New TSCA Overhaul Finally Passes in Senate
Passed in 1976, the Toxic Substance Control Act (TSCA) sought to protect ordinary Americans from potentially harmful chemicals used in everyday products. The wide-ranging legislation gave the Environmental Protection Agency (EPA) the authority to implement rigid reporting, record-keeping, and testing requirements on certain substances. However, because countless new chemicals have come into existence since that time—few of which have been tested—critics have been calling for a major overhaul of TSCA for many years. A new bill that sailed through the U.S. House of Representatives in the summer has just recently been passed by the Senate. In advance of its anticipated adoption, many states are already updating their industrial substance regulations to ensure future chemical compliance.
Under the current law, the EPA is responsible for proving that substances pose an "unreasonable risk" of harm to the public or the environment. If they cannot do this in just 90 days, the chemical can stay on or enter the market. The federal agency must also factor in the cost of banning or restricting the chemical when deciding if it poses an unreasonable risk.
Under the new bill (the Udall-Vitter bill), the EPA would not have to consider the cost of regulation, but would instead base its decision solely on the scientific evidence of its health or environmental impact. The federal agency would also have the right to request additional safety data when needed. The objective of these changes is to shift the burden of proving that a new chemical isn't unreasonably risky from the EPA to the industry. This new model would encourage self-regulatory chemical compliance, which would give the EPA more time to test existing substances.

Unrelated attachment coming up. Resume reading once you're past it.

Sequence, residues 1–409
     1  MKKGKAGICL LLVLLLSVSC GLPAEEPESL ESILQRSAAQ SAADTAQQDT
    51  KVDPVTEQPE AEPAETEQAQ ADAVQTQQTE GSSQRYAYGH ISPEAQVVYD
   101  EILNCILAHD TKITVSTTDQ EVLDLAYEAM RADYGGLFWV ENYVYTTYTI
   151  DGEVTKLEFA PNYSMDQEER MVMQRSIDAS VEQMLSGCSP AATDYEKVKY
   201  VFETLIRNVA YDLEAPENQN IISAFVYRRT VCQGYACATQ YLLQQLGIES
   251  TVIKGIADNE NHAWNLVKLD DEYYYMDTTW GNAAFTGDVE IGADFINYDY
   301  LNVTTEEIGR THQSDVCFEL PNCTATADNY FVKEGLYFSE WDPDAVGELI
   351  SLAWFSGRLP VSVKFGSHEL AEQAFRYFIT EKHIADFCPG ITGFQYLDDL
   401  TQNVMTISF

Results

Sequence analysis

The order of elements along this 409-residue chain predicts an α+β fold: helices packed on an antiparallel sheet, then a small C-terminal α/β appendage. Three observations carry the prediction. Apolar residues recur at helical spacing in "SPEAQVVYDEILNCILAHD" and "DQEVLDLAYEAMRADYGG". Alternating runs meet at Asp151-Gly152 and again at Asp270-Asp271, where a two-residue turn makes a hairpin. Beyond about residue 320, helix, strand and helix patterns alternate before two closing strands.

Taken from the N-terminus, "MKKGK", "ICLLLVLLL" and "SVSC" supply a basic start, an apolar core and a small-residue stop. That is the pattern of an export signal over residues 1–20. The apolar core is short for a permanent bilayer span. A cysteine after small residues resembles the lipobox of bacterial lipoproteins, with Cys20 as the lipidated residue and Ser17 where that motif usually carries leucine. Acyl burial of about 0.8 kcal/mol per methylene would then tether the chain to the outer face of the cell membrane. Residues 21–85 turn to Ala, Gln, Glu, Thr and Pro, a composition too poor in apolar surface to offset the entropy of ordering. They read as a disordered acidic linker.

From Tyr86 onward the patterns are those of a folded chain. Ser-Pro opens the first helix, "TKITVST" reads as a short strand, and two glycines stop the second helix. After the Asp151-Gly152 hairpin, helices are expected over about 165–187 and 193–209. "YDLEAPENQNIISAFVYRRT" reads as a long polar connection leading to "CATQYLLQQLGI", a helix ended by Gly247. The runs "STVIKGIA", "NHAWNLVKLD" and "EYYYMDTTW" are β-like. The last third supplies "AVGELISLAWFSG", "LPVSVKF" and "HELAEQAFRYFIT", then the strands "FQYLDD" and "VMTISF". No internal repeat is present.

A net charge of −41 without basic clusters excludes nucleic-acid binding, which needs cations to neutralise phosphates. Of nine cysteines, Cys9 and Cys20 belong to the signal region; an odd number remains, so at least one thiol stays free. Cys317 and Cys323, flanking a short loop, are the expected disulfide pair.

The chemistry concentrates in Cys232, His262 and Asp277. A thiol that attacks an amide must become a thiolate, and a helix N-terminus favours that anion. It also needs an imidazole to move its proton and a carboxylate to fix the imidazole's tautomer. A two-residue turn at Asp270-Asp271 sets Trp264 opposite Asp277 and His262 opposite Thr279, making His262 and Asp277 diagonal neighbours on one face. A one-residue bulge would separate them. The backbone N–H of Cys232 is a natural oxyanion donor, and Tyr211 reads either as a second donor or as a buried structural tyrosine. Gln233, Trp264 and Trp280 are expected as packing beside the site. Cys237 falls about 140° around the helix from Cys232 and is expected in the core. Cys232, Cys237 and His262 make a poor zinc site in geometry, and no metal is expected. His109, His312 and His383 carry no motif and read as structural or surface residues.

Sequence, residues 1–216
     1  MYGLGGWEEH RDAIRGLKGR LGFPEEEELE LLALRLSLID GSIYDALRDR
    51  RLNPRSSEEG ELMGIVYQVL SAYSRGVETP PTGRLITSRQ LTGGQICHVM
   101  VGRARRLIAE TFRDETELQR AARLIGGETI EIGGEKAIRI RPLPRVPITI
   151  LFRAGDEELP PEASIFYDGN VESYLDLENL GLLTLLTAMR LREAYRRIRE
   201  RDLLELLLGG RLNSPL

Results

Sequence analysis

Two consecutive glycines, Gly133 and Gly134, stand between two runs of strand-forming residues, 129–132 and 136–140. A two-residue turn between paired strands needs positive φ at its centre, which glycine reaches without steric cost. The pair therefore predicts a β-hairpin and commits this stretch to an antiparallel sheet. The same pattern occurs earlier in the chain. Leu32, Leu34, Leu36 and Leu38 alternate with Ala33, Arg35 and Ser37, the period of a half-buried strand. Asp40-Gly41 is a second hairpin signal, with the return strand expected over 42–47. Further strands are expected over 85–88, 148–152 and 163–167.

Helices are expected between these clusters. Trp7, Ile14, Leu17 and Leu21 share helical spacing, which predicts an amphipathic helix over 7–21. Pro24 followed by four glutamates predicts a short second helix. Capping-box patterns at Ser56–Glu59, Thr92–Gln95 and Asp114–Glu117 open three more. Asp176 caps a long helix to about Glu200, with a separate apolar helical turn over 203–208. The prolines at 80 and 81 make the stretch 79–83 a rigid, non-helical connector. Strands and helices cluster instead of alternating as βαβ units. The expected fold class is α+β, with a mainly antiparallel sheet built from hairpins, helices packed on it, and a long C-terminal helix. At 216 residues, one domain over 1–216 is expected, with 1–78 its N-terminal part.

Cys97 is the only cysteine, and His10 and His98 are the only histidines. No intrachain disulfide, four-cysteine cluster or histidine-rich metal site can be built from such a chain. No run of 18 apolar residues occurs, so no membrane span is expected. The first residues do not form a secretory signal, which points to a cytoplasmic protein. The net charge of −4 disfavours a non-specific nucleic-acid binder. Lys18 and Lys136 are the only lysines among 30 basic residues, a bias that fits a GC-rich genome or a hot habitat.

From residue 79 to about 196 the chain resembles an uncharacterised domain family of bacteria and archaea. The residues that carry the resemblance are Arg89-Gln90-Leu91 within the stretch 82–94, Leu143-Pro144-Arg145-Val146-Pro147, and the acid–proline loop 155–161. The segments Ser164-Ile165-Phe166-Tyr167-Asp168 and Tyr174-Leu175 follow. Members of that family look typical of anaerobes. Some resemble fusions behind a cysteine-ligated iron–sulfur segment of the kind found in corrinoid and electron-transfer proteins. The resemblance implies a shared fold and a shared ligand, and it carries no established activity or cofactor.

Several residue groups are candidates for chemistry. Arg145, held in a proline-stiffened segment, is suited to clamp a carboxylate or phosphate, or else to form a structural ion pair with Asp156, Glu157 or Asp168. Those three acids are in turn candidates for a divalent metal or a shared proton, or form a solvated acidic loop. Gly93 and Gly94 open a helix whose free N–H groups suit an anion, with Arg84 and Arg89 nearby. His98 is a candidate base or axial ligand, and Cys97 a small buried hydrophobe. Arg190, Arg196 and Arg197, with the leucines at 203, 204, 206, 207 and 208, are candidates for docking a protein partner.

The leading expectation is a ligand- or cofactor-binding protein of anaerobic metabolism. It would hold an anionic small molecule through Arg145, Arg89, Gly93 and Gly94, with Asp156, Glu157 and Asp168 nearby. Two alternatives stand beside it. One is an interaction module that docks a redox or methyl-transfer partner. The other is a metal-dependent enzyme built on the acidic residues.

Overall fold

Now that versions of the bill have passed in both the House and Senate, they must be reconciled by the authors before the bill can be approved by President Obama. The two versions of the bill include noteworthy differences in the areas of funding for regulatory activities and the prioritization of chemicals. The Senate version is also much more detailed, more than three times the length of the House version. In addition to bipartisan support in Congress, the bill has the approval of many key organizations, including the Consumer Specialty Products Association, the American Chemistry Council, and the National Association of Manufacturers.
The next session of Congress will convene on January 5th for the House and on January 11th for the Senate with all sides working to complete a final TSCA-reform bill in early 2016.